AB 460 would significantly expand existing opportunities for the SWRCB and interested members of the public to investigate whether a particular water right holder is violating: (1) Section 2 of Article X of the California Constitution; (2) the public trust doctrine; (3) Water quality objectives; (4) the terms of post-1914 water rights permits, licenses, certificates, and registrations; or (5) § 5937 of the Fish and Game Code.

AB 460 would significantly expedite the timeframe and simplify the process for SWRCB to bring enforcement actions against pre-1914 and riparian rights for perceived violations of water quality objectives, the terms of post-1914 water rights permits, licenses, certificates, and registrations, or § 5937 of the Fish and Game Code. SWRCB’s current authority for such enforcement measures requires lengthy enforcement processes or even lengthier regulations processes.

Via expedited hearings, AB 460 would enable the SWRCB to issue relief orders where the SWRCB could demand that the diverter “cease all harmful practices,” mitigate harm, fund technical and environmental studies, and reimburse the SWRCB for the cost of preparing any required documentation.

This legislation would provide the SWRCB with authority to issue a curtailment order to an individual diverter and require that the diverter fund studies and other mitigation or face penalties. This is a marked difference from the current authority where the SWRCB must develop regulations or initiate enforcement proceedings in order to regulate diversions. The significant costs associated with participating in a hearing process on short notice and complying with an interim relief order may cause many right holders to first consider settling claims outside the hearing process.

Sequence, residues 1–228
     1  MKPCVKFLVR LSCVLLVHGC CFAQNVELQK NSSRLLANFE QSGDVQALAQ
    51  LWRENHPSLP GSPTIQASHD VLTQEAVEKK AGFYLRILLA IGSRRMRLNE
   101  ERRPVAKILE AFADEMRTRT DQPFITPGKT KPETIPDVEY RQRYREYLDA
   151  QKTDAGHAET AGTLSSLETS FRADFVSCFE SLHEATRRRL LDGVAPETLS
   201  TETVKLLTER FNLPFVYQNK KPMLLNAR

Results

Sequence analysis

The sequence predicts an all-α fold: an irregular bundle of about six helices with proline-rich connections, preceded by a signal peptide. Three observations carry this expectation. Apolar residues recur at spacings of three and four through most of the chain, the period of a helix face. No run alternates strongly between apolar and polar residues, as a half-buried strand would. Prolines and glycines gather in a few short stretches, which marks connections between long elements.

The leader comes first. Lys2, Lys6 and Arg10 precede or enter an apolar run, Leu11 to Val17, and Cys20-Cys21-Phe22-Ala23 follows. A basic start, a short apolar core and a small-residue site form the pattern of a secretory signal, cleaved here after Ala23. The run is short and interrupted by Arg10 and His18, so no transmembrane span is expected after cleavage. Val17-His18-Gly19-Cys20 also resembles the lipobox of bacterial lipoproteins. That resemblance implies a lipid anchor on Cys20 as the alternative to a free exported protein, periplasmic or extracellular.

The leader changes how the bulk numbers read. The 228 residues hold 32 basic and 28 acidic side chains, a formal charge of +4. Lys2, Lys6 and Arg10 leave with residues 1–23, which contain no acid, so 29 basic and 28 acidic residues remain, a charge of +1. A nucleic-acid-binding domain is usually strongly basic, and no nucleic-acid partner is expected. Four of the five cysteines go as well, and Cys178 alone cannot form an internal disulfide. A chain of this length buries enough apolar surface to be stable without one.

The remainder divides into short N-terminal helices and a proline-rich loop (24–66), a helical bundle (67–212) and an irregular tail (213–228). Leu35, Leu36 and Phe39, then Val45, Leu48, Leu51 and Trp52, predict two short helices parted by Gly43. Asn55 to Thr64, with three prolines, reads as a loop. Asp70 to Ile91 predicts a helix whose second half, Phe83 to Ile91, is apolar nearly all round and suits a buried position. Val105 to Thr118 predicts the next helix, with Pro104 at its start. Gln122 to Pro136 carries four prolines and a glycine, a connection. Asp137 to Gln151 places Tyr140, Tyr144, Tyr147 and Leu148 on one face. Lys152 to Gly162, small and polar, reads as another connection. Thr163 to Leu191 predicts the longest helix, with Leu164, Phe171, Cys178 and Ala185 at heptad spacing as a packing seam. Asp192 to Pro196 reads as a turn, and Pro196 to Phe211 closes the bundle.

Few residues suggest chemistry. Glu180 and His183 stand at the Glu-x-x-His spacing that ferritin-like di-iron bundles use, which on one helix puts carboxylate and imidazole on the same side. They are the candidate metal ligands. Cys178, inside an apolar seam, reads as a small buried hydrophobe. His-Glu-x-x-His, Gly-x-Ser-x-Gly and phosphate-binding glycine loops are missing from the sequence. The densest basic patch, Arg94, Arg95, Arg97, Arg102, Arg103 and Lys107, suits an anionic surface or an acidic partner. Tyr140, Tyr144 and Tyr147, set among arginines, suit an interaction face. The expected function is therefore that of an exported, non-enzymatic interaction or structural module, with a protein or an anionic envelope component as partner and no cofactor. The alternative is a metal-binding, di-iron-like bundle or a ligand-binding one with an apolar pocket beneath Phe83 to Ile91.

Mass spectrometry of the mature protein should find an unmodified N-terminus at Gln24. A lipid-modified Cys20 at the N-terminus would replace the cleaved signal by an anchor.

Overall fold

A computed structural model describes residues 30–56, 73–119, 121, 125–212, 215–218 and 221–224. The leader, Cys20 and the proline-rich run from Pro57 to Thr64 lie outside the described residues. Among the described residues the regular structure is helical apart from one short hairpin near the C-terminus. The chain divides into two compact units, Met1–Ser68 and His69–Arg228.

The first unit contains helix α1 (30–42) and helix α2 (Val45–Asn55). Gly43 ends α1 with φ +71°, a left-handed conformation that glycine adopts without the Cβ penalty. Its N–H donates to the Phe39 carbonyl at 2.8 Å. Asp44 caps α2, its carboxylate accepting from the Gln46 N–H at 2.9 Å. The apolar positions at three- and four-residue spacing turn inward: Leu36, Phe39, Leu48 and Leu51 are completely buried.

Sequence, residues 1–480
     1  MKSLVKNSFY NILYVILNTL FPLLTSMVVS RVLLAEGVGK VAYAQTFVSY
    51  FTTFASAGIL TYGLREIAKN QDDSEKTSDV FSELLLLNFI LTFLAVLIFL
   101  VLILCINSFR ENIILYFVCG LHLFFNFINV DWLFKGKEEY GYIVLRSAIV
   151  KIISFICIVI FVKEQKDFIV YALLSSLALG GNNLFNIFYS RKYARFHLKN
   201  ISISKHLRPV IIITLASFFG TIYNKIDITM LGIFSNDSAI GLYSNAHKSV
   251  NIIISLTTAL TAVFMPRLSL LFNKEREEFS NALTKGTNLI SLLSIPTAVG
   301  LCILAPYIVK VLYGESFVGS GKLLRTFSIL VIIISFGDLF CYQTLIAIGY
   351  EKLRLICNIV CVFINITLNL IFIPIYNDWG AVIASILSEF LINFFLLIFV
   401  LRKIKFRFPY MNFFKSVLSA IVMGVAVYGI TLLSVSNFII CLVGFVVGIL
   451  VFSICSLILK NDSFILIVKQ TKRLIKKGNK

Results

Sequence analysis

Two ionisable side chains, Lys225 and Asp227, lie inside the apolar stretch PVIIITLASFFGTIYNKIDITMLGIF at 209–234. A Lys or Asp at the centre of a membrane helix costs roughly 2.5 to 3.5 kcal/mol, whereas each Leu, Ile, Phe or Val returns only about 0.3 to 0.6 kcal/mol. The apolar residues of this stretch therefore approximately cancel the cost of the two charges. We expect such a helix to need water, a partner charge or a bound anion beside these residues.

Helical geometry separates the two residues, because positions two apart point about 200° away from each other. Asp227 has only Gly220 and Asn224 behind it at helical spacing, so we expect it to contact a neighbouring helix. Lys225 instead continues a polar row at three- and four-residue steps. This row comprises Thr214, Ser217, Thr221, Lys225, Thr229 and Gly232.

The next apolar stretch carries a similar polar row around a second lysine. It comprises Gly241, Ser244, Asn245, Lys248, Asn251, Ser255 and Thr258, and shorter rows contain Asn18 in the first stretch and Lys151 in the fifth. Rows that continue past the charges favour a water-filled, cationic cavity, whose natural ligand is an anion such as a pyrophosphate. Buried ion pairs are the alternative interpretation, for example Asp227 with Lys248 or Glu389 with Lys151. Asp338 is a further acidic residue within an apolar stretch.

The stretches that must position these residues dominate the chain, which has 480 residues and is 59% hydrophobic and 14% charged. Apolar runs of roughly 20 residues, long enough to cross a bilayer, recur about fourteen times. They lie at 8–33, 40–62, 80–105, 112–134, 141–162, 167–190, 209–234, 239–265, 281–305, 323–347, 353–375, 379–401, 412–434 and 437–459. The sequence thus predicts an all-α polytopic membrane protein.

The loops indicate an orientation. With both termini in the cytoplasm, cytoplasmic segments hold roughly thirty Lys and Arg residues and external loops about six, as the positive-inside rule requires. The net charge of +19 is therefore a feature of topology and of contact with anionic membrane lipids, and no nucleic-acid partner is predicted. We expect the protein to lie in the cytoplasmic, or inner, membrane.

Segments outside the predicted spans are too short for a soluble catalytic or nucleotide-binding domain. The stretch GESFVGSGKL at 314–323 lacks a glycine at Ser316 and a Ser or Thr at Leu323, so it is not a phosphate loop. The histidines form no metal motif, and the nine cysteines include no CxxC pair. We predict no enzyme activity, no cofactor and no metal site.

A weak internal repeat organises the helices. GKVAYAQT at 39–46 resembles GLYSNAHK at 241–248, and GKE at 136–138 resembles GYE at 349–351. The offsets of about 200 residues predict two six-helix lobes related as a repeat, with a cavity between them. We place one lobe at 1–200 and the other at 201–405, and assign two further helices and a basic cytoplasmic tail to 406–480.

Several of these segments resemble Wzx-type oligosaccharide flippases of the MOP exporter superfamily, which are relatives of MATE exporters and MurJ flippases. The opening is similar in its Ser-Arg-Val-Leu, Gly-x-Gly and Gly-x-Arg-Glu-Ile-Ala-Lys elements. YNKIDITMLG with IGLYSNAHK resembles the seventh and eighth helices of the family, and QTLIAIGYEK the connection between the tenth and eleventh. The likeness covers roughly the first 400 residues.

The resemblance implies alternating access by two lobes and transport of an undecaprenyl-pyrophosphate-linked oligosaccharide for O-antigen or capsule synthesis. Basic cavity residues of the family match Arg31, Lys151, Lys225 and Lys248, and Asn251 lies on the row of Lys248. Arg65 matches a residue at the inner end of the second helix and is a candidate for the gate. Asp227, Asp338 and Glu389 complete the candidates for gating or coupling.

SB 389 Expedited Process to Extinguish Pre-1914 and Riparian Right Claims

SB 389 creates authority for SWRCB to investigate the basis for any water rights. Additionally, it requires that a diverter provide information or technical reports regarding the characteristics of its water right before a hearing is held regarding the validity of the water right.

This is a marked difference from existing law. Currently, a riparian or pre-1914 right holder must file initial statement of diversion and use and supplemental annual statements generally describing the characteristics of their riparian or pre-1914 right.

Under SB 389, the SWRCB could require hearings requiring any diverter to prove the elements of their claimed water right. This requirement creates a potentially significant hurdle because this showing is factually intensive and often requires extensive historical research. Failure to demonstrate this historical right could result in an order depriving the owner of its claimed water right or orders for curtailment.

Conclusion and Implications

The proposed Bills would provide powerful new tools and oversight authority to the SWRCB. The Bills would further the goal of many lawmakers to have all water rights regulated in the same fashion. That goal, however, will draw objections and concerns from many riparian and pre‑1914 water right holders that have exercised, relied upon and carefully preserved their rights—in some cases for many generations.